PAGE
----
Tag Archives: movies

Adaptations

I’m working on two questions from the big book meme today:

  1. What is your favourite movie adaptation of a book?
  2. What was the most disappointing movie adaptation of a book you’ve encountered?

My favourite adaptations are not identical to the books they represent. They are, however, good adaptations of the books, and don’t alter the two books in ways that makes them unrecognizable. I like the movie “Hunt for Red October” and “Possession”. The books are better in both cases, but the movies are quite good.

(Here I note that in my movie-watching experience I’ve met two movies I liked better than the book: “Beaches” and “Everything is Illuminated”. Those two movies fall into the category watch the movie and don’t bother with the book. My opinion of course.)

The most disappointing movie adaptation is more difficult, mostly because I don’t watch many movies that are adaptations of books I love. I think that sets one up for disappointment. That being said, the two I’d pick are “Prince Caspian” and “The Voyage of the Dawn Treader”. Both movies heavily altered the book and in the case of Voyage, ruined a key theological point in the book. My humble opinion again. Any further thoughts on books and movie adaptations?

Speaking of movies, I quite enjoyed “The Blind Side” this past weekend. Look for the misquotation of the Bible.

 

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Movies that look Interesting

A while ago I wrote a post comparing Joss Whedon and William Shakespeare and pulling J.K. Rowling into the mix. Unless you live under a rock, you probably know that  Joss and Will are now closely allied in a way that I did not even come close to imagining. I want to see Much Ado About Nothing. Also, people in the blogosphere who are bigger Whedon fans than I are now listing other Shakespearian works that they think should get a Whedonesque twist. Good times.

In other movie news, Superman strikes again, but, the best news of the summer to my mind is the Julie Delpy/Ethan Hawke sequel Before Midnight. Oh Yeah. If you haven’t seen Before Sunrise and Before Sunset, watch them first. I plan to revisit those two, then go see the new movie.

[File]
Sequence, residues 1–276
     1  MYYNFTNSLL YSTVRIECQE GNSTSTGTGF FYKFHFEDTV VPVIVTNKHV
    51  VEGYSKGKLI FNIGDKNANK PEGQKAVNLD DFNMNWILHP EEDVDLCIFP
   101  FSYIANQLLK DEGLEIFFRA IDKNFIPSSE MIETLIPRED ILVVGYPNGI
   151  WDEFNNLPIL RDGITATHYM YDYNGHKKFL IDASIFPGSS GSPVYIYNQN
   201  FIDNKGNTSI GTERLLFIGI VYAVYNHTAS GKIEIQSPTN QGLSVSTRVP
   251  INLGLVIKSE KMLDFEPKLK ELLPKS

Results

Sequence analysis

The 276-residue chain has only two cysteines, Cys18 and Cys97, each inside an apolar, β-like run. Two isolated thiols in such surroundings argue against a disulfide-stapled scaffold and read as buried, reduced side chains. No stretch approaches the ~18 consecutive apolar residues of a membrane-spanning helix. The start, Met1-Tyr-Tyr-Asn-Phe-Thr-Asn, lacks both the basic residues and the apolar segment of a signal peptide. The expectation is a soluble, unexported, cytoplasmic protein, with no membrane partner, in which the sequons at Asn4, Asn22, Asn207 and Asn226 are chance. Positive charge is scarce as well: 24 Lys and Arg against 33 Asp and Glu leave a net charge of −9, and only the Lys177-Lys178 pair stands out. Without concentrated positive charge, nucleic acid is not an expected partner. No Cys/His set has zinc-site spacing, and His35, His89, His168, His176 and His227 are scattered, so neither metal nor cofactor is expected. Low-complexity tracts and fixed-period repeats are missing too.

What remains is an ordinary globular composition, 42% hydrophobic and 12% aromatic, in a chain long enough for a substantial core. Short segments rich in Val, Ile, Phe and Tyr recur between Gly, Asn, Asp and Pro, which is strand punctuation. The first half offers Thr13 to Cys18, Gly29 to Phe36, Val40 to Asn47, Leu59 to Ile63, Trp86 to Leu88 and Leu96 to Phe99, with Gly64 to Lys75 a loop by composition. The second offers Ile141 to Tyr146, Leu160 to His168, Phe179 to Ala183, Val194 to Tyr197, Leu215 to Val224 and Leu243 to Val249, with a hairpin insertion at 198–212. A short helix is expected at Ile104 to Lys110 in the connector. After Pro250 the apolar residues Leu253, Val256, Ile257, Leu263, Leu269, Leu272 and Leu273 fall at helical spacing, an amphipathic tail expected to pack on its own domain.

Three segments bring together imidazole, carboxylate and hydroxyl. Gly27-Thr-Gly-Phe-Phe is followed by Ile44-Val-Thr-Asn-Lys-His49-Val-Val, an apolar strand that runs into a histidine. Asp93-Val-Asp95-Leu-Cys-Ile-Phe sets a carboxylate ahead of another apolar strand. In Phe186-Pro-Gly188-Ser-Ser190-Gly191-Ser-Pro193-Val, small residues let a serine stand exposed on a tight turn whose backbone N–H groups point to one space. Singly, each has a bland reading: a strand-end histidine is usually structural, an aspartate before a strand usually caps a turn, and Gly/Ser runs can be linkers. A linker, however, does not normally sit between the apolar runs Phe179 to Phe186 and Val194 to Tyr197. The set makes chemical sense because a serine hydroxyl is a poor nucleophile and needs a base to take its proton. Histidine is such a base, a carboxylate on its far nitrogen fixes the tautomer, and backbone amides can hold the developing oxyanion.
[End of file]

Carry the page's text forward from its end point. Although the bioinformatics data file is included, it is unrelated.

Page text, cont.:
What might tempt you into the theatre this summer?

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3.14159

1Mom and I went to see “Life of Pi.” We’ve both read the book and liked it, but were slightly skeptical of the movie. We both thought it would be a hard book to capture. Ang Lee did a good job. We both enjoyed the movie. It was 3-D, which, in our opinion, wasn’t necessary. The photography was striking, and the visual effects beautiful, but the depths of the ocean shots didn’t strictly need 3-D. The tiger jumping out of the screen might have been effective, but that didn’t happen.

As you might expect from a shipwreck book there was a lot of water. Lots and lots and lots of water. As you might not expect, the movie adaptation was very true to the book. A colleague of 1Mom told her that this was the case, and that she’d really enjoyed the movie. This recommendation was a key reason 1Mom and I took ourselves to the theatre. If you’ve read the book, there are no surprises in the movie. If you’ve not read the book, the movie is a good introduction. Movies and books are different experiences, and I’d recommend both the book and the movie.

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Movies before Books?

Sometimes a movie points me to a book. On the weekend I watched “The Hours” which I quite enjoyed. I know the movie is based on a book (The Hours by Michael Cunningham) which is based on a book (Mrs. Dalloway by Virginia Woolf). So many layers. Anyhow, I’ve read neither The Hours, nor Mrs. Dallowaybut now I’m much more likely to read both. I watched “Possession” before even realizing there was a book called Possession by A.S. Byatt, and now I think that is the Best Book Ever. The BBC serial adaptation of Pride and Prejudice helped me re-read the book by Jane Austen which I’d initially thought tedious. That book gets better every time I read it.